Get the latest from TODAY

Sign up for our newsletter
/ Source: TODAY
By Laura Ratliff

This year’s NCAA March Madness tournament has already proven to be full of surprises and upsets.

While University of Maryland-Baltimore's win over No. 1 Virginia made headlines, another team has snagged two unexpected victories ... thanks to a little help from a spiritual coach of sorts.

After a 33-year absence from the tournament, No. 11 Loyola-Chicago will enter the coveted Sweet 16 or regional semi-finals, next week. The team attributes much of their success to 98-year-old team chaplain Sister Jean Dolores-Schmidt.

Sister Jean Dolores-Schmidt celebrates after the Loyola Ramblers beat the Tennessee Volunteers 63-62 in the second round of the 2018 NCAA Tournament at the American Airlines Center on March 17, 2018 in Dallas, Texas.Tom Pennington / Getty Images

The active nun taught elementary students for more than 20 years and served as an academic adviser and campus minister before joining the team as chaplain in 1994.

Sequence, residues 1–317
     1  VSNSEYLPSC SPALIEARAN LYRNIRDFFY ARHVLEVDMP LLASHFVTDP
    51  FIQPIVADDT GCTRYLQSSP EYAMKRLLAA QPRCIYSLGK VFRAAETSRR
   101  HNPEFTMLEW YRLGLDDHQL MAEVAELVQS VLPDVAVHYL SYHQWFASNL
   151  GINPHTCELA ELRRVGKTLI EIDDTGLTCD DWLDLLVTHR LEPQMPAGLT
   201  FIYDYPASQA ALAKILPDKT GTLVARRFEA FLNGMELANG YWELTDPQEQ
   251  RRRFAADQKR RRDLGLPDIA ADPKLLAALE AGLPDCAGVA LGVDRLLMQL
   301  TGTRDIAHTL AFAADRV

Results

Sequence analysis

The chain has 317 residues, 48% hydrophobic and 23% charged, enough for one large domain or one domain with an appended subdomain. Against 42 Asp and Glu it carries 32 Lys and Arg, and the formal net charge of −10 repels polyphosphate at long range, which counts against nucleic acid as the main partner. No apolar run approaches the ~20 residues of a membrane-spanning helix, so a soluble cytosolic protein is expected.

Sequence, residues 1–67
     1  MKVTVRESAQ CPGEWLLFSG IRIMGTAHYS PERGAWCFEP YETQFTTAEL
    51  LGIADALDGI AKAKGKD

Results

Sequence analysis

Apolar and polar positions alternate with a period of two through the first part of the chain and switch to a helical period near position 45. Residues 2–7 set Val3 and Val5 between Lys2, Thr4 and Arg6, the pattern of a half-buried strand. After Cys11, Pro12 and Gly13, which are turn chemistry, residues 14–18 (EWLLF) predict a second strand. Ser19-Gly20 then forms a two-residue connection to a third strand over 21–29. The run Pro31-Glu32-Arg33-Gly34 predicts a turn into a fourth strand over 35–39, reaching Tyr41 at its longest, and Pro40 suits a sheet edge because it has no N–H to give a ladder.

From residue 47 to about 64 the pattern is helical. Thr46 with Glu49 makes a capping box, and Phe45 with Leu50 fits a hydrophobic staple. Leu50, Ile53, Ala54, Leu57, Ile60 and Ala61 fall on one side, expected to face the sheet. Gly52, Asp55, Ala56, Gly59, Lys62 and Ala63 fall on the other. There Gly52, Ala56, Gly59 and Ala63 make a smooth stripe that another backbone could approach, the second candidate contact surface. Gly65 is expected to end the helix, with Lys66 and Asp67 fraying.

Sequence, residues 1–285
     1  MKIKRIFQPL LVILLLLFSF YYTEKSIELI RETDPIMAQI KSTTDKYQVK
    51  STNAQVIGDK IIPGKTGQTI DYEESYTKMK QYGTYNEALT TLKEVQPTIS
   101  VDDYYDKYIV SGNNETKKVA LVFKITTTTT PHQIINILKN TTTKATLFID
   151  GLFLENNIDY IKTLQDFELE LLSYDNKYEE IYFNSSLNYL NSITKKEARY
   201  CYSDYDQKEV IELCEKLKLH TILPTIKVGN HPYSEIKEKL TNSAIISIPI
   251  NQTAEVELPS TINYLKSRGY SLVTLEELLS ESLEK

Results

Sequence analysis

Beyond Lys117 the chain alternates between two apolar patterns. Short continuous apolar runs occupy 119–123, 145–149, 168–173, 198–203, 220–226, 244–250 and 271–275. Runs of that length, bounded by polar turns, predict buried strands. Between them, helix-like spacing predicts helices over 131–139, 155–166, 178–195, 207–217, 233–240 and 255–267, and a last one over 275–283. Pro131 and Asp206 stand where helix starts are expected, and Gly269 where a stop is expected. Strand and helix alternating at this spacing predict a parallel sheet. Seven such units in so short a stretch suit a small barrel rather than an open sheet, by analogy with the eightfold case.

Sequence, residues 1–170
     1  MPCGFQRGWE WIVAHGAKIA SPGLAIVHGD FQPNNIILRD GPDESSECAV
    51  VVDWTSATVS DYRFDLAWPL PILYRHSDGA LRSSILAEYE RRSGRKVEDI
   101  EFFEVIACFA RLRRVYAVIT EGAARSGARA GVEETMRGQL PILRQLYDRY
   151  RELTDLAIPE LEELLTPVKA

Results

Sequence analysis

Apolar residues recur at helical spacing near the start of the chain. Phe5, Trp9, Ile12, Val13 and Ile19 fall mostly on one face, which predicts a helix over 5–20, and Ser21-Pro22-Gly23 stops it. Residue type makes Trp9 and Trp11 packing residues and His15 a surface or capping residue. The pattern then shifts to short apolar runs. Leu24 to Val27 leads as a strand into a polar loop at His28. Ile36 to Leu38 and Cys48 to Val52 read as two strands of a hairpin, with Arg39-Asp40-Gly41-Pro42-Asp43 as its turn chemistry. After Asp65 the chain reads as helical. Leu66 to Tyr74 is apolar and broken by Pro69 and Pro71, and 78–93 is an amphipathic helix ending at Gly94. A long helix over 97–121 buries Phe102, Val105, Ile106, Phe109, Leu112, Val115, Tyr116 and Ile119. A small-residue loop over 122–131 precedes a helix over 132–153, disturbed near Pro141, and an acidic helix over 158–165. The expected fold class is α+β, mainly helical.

Dolores-Schmidt, affectionately known to many as "Sister Jean," leads the team in a pre-game prayer before each match. With her own basketball experience, (she played at her San Francisco high school in the 1930s) she’s able to add some technical insight, too.

“In the middle of her prayer, there's a scouting report mixed in,” player Clayton Custer told ESPN. “She tells us who their best players are and what to watch out for. Sometimes she'll pray for the referee to make the right calls.”

The beloved chaplain joins the Ramblers at nearly every home game, and unsurprisingly, has been courtside for the team’s victories in Dallas.

In the first round of the tournament, player Donte Ingram made a game-winning 3-pointer to upset No. 6 Miami. Then, the team garnered a surprising one-point victory over Tennessee to advance to the regional semi-finals.

"Thank God," Sister Jean told truTV. "We knew we would do it. Our team is so great."

"They don’t care who makes the points, as long as we win the game," she said of the players.

Next up, the team will face the winner of Nevada-Cincinnati’s game. In her “Cinderella dream,” her team just might make it all the way to the Final Four.

Regardless of the tournament’s outcome, she’s just happy to be along for the ride.

“It just means so much,” she told ESPN. “I didn't expect to see this happen in my lifetime.”